Drawing of our hotel in Maulbronn
Everyone met at our hotel for a huge breakfast buffet. Wedding guests filled the hotel and when Reinhard and Elena arrived, they were applauded to loud cheers. Folks began to say their goodbyes and get on their way. Osse suggested a trip to the Maulbronn Monastery, a World Heritage site right down the street, and several of us went there to explore. We took a guided tour in German but we had an English audio version as well. Some things were highlighted on the recording and some by the guide. Brian, Jerry, Osse, Lotte, and Flo all shared facts so we got the maximum culture and information. It was very interesting. The Monastery was founded by the Cistercian Monks, was very wealthy for the time and had a major impact on the area. It's one of the best preserved in Europe. The Monks didn’t speak for the most part. Meals were silent but they could talk at certain meetings. They even had something like our daily “stand-ups” – a quick morning gathering to discuss and plan the day. Imagine if our Admirals and Executives could only talk during those times and not any other - some might call that heaven on
The Monastery complex
earth! The church was amazing with beautiful stained glass and carvings on the ceiling. Jesus on the Cross looked like wood but was actually carved from a single block of stone. On June 21st
, the Summer Solstice, the sun shines through the red stained glass and illuminates Jesus in red light. In the church there is an area where the lay, or working monks, sat and the “Super Monks” sat behind a wall in big wooden seats. Eventually, the Monks got kicked out during the Reformation, when it became Protestant and later a boarding school. Some bad kids carved their names in the walls so maybe it was a reform school! it's a Seminary today and the property is a work of art with a quaint charm. About 65 families still live here and there are restaurants and shops. It was definitely interesting and underscores how much history is around every corner. We headed back to Aunt Eva’s and made it before wine-thirty. We spent some time talking with Britta about differences in American and German wedding traditions. Germans have one better idea with no bridesmaids or groomsmen. This means no closets full of not-so-attractive bridesmaid's dresses that don't ever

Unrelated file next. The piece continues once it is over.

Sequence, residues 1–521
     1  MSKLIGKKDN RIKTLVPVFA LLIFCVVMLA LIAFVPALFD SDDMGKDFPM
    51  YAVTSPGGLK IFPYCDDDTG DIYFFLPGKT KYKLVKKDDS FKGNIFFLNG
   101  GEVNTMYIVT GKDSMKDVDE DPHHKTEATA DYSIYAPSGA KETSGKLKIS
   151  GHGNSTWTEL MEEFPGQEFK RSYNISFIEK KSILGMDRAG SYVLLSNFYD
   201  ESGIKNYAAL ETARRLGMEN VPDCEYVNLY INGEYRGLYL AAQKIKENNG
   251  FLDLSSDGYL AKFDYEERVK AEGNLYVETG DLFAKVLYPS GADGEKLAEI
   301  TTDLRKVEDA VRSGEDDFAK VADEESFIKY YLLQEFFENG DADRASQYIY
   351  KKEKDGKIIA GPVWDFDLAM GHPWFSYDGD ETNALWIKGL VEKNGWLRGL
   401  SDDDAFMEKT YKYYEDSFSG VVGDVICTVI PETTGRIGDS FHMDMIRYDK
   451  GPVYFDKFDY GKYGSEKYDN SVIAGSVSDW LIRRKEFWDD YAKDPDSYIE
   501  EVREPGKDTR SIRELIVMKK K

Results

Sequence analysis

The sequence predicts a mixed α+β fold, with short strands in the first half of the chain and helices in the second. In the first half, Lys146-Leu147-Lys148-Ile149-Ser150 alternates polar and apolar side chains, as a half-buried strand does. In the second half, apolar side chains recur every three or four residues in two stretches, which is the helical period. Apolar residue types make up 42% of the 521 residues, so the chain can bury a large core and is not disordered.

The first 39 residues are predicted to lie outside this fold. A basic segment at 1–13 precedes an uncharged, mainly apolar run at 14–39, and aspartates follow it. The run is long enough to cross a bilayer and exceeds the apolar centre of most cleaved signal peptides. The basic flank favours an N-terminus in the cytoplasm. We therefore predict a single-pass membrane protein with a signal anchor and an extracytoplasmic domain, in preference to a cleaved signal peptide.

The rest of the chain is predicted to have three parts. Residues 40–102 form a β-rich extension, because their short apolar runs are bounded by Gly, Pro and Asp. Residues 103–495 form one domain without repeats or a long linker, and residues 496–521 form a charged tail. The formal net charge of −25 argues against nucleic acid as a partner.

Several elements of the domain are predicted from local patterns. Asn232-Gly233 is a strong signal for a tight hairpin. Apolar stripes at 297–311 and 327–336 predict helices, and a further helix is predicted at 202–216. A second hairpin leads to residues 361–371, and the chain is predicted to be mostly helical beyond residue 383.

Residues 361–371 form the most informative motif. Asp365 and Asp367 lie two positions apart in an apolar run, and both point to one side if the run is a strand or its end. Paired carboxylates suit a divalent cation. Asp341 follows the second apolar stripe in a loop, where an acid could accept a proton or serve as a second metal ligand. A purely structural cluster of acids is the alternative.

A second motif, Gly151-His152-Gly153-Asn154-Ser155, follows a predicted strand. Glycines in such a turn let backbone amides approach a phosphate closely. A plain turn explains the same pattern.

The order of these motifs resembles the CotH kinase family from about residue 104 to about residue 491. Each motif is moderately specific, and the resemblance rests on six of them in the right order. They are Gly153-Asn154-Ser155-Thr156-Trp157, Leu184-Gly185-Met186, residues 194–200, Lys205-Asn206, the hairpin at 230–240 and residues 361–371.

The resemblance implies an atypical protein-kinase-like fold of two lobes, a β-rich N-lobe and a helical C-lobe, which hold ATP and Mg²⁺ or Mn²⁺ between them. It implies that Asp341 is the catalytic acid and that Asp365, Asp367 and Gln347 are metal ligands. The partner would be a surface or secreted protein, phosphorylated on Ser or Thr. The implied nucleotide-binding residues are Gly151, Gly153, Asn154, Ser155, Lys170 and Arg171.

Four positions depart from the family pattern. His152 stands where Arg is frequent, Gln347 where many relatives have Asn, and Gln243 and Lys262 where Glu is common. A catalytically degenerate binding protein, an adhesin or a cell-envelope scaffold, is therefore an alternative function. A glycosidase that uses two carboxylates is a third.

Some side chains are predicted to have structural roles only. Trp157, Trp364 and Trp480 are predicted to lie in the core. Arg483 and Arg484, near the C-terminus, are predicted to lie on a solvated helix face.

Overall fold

Walking around the Monastery complex which is large
get worn again (apologies to those of you whose weddings I was in for insulting your dresses with a generalization - they were LOVELY! - and to those of you in our wedding for making you buy another ugly dress!) We said our goodbyes to most of the family that we won't see again this trip. Once again, it's been a wonderful visit and so fun spending time with everyone here.
Fun Foodie Fact: There are several legends about how a traditional German ravioli got its start. One has it that a resourceful monk at the Maulbronn Monastery did not want to refrain from enjoying meat during fasting. His idea was to mix meat, spinach and vegetables and wrap it in noodle dough. "Maulbronn Ravioli" became a dish associated with Maundy Thursday and Good Friday - the meat is okay because it's "hidden". The other legends are that refugees or a Countess pirated copies of the ravioli from Italy but those aren't as relevant to our story! In any case, it's now called Swabian Maultaschen and, in 2009, the European Union recognized it as a "regional specialty" significant to the cultural heritage of the area. This measure provides protection
Brian getting the scoop from the audio guide before we go inside. Check out the doors.
for integrity of the dish, mandating that genuine Maultaschen are only produced in Swabia, a historical region now incorporated into today's German areas of Baden-Württemberg and Bavaria. This is similar to "Black Forest Ham" which comes from.....yup, you guessed it...
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